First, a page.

Old Onkyo

Old Onkyo

Full Audioholic
I afraid to ask because it might cost me money.

Listening to Amazon Music through Firestick. Track says 24 bit, information says my capacity is 16 bits.

How can I listen to 24 bit?
Is there a noticeable difference in sound quality?

I did a search and read a few threads, got real confusing real fast!

Thanks for any help.
 
BMXTRIX

BMXTRIX

Audioholic Spartan
The Firestick is a the source from Amazon. (EDIT)...
Directly from Amazon's website, it does not support ULTRA HD audio (24-bit) just HD audio (16-bit).
"Alexa-enabled Echo devices (2nd generation and later), Fire TVs and Fire Tablets all support HD quality audio. The Echo Studio, Echo Link, and Echo Amp support Ultra HD quality audio."

So, you need a device which can receive and decode their Ultra HD audio tracks.

Look at this website for some additional information...

What will you be playing it back on? Do you have a good audio system which will benefit from the increase sound quality?
 
Last edited:
lovinthehd

lovinthehd

Audioholic Slumlord
I doubt there's any significant difference that you can hear if you upgrade to gear that can handle it. You can always take one of the tests, you could see first if you can hear the difference between say a high bitrate mp3 type codec and cd-quality, which you should be able to do such a test easily enough. If you can figure out a way to have your system handle 24/96 type files, then you could add that to a test (if you search there are a few ways of going about that).

In the meantime I'd steer you towards what Archimago did:
 
Old Onkyo

Old Onkyo

Full Audioholic
The Firestick is a the source from Amazon. (EDIT)...
Directly from Amazon's website, it does not support ULTRA HD audio (24-bit) just HD audio (16-bit).
"Alexa-enabled Echo devices (2nd generation and later), Fire TVs and Fire Tablets all support HD quality audio. The Echo Studio, Echo Link, and Echo Amp support Ultra HD quality audio."

So, you need a device which can receive and decode their Ultra HD audio tracks.

Look at this website for some additional information...

What will you be playing it back on? Do you have a good audio system which will benefit from the increase sound quality?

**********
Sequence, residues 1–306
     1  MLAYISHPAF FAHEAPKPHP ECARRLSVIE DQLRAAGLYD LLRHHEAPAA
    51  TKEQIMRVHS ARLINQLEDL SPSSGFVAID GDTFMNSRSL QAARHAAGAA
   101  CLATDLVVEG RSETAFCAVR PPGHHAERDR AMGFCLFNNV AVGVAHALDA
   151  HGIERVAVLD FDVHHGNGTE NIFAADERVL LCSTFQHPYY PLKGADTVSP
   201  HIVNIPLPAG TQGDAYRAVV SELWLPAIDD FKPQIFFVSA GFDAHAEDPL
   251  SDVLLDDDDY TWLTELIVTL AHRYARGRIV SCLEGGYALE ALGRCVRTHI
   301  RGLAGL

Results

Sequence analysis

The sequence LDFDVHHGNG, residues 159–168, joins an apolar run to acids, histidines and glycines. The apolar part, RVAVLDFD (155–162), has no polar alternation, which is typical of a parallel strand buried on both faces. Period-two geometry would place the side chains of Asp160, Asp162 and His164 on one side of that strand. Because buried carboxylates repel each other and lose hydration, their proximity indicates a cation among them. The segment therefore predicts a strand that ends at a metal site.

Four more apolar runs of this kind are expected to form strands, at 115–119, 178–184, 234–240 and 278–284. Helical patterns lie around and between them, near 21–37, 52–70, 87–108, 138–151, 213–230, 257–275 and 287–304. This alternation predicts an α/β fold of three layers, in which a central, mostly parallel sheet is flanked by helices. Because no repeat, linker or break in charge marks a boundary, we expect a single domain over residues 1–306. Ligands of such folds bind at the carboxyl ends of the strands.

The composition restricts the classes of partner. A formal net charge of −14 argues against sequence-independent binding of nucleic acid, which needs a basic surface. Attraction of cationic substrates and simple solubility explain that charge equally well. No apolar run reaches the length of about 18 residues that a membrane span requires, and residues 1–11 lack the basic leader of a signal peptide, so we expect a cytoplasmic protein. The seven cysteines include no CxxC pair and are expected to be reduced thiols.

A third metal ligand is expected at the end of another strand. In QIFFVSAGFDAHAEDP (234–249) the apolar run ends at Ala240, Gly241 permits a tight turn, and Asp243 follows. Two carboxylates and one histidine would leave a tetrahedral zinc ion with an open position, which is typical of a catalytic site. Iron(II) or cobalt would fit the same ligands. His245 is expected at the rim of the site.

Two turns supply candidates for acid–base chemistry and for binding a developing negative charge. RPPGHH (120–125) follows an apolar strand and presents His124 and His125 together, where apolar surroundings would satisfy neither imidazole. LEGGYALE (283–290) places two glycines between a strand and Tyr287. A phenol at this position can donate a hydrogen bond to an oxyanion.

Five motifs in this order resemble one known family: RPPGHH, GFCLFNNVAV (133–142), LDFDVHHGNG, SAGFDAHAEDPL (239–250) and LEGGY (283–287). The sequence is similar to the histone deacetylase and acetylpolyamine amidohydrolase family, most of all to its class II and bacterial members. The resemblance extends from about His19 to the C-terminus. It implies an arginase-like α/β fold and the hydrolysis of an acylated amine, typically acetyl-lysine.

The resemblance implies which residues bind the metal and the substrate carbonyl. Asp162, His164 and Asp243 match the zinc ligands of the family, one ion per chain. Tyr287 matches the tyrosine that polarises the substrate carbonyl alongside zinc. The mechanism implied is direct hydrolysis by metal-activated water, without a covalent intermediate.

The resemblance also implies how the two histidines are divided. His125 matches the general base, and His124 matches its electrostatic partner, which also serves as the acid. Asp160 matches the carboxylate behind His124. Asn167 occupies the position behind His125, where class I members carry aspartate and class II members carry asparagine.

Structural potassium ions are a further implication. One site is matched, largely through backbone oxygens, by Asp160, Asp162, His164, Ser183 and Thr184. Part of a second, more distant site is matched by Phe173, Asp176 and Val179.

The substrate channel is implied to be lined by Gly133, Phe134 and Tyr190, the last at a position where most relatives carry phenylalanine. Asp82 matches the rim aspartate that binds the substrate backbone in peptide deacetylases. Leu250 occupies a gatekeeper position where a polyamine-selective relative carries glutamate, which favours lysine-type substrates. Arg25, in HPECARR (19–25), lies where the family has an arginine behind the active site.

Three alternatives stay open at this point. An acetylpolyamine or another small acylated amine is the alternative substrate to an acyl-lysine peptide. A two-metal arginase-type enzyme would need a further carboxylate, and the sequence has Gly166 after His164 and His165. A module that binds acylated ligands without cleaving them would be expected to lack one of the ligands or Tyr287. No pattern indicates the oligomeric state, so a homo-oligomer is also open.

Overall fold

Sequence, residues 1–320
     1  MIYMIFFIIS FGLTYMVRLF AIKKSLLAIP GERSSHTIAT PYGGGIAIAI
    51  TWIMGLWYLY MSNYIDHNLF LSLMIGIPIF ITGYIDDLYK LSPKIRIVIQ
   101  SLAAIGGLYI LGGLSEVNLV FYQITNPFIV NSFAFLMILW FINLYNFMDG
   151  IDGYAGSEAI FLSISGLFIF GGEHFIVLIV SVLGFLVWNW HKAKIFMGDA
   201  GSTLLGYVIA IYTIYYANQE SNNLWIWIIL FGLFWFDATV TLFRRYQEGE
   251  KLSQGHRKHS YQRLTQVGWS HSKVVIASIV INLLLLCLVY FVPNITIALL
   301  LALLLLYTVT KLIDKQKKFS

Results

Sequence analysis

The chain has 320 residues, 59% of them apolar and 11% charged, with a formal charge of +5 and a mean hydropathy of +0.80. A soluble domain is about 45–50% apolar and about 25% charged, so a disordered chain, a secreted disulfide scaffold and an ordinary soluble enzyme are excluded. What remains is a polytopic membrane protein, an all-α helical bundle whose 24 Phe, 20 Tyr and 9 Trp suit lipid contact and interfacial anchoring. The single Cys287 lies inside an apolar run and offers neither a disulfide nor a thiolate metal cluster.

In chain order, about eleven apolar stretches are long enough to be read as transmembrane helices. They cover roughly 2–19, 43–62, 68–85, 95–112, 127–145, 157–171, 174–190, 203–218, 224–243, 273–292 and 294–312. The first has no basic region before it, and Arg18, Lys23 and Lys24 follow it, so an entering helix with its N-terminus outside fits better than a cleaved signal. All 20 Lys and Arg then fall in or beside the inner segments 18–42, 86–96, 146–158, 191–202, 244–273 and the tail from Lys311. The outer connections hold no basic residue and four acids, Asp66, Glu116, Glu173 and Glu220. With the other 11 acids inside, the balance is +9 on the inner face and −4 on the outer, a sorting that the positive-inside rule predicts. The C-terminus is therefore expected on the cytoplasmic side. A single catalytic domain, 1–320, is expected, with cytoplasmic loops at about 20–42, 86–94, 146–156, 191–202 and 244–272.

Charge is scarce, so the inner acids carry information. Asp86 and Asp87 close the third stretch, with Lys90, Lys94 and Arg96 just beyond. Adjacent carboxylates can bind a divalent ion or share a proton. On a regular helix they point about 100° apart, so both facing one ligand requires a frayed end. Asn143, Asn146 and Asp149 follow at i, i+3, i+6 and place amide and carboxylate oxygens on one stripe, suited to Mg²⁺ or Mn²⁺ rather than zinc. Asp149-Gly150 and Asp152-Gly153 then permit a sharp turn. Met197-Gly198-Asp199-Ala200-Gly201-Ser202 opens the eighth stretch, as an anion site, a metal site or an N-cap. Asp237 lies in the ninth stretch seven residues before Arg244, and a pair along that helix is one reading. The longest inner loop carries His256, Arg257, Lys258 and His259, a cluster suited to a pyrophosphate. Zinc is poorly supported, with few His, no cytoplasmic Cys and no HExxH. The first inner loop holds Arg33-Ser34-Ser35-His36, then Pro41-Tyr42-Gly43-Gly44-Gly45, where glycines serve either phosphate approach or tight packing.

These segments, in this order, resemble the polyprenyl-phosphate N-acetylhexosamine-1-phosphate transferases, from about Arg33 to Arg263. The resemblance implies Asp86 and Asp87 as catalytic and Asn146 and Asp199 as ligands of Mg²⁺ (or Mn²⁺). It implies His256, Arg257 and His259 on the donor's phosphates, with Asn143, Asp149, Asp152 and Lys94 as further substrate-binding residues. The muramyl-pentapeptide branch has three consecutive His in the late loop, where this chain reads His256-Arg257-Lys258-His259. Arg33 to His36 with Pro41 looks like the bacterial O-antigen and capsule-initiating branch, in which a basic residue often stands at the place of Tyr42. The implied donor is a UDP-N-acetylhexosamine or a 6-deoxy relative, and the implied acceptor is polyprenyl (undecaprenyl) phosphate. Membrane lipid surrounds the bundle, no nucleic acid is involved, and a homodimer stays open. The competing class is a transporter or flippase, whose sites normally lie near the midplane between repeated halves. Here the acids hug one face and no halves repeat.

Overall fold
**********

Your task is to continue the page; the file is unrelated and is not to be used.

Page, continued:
I have a 1st generation echo dot hooked up to the cd input, and a Firestick 4K connected to the media player input of a Denon 4500.
 
Old Onkyo

Old Onkyo

Full Audioholic
I doubt there's any significant difference that you can hear if you upgrade to gear that can handle it. You can always take one of the tests, you could see first if you can hear the difference between say a high bitrate mp3 type codec and cd-quality, which you should be able to do such a test easily enough. If you can figure out a way to have your system handle 24/96 type files, then you could add that to a test (if you search there are a few ways of going about that).

In the meantime I'd steer you towards what Archimago did:
Great info, thanks Lovin’ now I can find something else to worry about.
 
panteragstk

panteragstk

Audioholic Ninja
Fwiw I listened to one of their 24 bit 96khz streams and it sounded worse than my tips from the original disc. May be limited to one album, but that made me cancel the service.
 
BMXTRIX

BMXTRIX

Audioholic Spartan
I have a 1st generation echo dot hooked up to the cd input, and a Firestick 4K connected to the media player input of a Denon 4500.
So, you have nothing which supports 24-bit audio.
 
Pogre

Pogre

Audioholic Warlord
Fwiw I listened to one of their 24 bit 96khz streams and it sounded worse than my tips from the original disc. May be limited to one album, but that made me cancel the service.
Yup. Same here. I found it with more than one album too.

It sounds better than the basic free version but my cd rips sound very obviously better than the highest bitrate (which I can do on my pc) HD Amazon version. That's why I canceled as well.
 
highfigh

highfigh

Audioholic Overlord
Echoi Dot wouldn't be my go-to for high quality audio- I tried it with mine and compared it with CD, Pandora and my music server that has everything in .wav- I thought it sounded pretty bad.
 
JerryLove

JerryLove

Audioholic Samurai
Listening to Amazon Music through Firestick. Track says 24 bit, information says my capacity is 16 bits.

How can I listen to 24 bit?
Is there a noticeable difference in sound quality?
First let us address what the tech means. 16-bit sound has 96db of dynamic range (the difference in volume between the quietest sound and loudest).